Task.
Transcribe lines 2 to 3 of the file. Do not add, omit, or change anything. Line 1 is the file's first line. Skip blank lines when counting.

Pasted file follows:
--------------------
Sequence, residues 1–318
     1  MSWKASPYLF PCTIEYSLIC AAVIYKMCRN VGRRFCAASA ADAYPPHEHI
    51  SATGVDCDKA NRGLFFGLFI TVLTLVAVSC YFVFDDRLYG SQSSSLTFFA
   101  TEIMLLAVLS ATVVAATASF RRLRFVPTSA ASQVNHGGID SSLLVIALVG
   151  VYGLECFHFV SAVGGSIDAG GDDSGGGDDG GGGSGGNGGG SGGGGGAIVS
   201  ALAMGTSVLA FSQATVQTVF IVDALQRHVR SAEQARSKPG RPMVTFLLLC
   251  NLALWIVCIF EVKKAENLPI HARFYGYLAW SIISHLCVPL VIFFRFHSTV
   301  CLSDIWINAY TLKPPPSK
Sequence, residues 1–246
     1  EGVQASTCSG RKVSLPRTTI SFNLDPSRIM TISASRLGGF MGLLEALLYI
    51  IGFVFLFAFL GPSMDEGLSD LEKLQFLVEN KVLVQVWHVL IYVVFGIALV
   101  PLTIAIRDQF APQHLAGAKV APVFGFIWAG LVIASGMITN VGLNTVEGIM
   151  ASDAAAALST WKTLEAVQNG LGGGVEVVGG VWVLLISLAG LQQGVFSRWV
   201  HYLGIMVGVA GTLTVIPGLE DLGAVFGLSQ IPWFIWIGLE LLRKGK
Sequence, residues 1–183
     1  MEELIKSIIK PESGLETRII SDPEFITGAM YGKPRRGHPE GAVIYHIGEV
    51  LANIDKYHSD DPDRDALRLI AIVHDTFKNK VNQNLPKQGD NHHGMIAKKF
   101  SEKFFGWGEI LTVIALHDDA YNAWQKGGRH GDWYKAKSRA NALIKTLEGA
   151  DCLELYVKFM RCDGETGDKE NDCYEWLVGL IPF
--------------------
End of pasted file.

     1  MSWKASPYLF PCTIEYSLIC AAVIYKMCRN VGRRFCAASA ADAYPPHEHI
    51  SATGVDCDKA NRGLFFGLFI TVLTLVAVSC YFVFDDRLYG SQSSSLTFFA